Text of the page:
Making it abstract, making it contestable: politicization at the intersection of political and cognitive science

Abstract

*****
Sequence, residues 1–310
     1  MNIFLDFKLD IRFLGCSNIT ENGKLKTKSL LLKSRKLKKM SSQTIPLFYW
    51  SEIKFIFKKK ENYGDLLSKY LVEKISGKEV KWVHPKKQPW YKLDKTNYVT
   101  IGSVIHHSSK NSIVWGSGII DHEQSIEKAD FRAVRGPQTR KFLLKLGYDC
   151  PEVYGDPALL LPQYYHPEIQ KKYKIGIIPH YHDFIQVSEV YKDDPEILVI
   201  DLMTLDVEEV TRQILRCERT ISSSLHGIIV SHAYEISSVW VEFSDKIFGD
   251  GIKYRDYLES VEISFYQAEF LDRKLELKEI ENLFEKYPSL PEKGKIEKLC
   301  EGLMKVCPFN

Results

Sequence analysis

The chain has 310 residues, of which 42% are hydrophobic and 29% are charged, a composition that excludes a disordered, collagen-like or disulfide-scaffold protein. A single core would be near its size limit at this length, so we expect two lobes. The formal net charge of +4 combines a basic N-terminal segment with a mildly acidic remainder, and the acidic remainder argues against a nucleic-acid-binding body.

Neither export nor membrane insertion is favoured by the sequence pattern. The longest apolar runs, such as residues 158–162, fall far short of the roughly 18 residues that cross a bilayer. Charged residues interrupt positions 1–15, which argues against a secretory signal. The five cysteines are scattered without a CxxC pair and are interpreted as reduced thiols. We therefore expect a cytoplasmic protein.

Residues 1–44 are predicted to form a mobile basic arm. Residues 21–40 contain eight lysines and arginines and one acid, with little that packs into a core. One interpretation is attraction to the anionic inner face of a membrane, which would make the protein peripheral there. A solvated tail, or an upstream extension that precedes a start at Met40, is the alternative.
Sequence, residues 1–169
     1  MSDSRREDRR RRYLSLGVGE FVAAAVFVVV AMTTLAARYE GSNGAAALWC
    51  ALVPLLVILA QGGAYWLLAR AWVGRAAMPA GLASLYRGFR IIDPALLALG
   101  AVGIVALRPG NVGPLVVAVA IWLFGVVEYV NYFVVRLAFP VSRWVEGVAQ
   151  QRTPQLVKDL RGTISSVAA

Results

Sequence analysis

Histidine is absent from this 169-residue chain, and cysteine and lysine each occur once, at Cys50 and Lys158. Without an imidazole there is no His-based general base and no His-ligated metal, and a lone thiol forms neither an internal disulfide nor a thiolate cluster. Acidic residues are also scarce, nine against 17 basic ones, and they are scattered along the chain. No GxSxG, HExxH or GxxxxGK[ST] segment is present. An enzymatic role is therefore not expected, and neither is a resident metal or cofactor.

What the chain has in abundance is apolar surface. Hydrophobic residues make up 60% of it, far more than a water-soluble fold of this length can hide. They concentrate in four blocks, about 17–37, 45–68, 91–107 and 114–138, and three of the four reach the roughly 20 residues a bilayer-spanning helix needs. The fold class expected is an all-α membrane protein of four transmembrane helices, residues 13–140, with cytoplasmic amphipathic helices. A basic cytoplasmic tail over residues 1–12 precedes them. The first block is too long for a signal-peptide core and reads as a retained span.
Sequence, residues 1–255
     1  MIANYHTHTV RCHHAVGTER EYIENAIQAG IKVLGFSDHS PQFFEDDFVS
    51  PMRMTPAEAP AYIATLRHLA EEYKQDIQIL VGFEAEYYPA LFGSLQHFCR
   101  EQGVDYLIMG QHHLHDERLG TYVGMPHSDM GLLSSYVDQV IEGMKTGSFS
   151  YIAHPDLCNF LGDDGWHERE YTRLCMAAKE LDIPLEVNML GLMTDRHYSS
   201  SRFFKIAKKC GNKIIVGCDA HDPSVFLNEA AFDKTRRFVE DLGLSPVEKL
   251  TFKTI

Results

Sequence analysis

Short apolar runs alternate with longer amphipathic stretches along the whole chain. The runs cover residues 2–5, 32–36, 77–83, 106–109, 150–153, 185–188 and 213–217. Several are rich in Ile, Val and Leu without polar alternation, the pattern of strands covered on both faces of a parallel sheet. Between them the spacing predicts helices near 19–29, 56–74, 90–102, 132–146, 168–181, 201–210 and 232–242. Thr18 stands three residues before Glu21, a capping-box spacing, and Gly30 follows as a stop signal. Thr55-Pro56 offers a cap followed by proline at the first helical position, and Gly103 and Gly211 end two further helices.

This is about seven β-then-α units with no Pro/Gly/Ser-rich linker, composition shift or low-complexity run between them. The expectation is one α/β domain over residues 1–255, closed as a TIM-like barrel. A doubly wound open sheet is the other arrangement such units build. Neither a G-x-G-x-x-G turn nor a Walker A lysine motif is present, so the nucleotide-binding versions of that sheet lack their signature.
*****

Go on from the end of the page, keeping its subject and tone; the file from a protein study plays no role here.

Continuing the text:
The notion of politicization has been often assimilated to that of partisanship, especially in political and social sciences. However, these accounts underestimate more fine-grained, and yet pivotal, aspects at stake in processes of politicization. In addition, they overlook cognitive mechanisms underlying politicizing practices. Here, we propose an integrated approach to politicization relying on recent insights from both social and political sciences, as well as cognitive science. We outline two key facets of politicization, that we call partial indetermination and contestability, and we show how these can be accounted for by appealing to recent literature in cognitive science concerned with abstract conceptual knowledge. We suggest that politicizing a concept often implies making its more abstract components more salient, hence legitimating its contestable character. Finally, we provide preliminary suggestions to test our proposal, using the concept of gender as case study.

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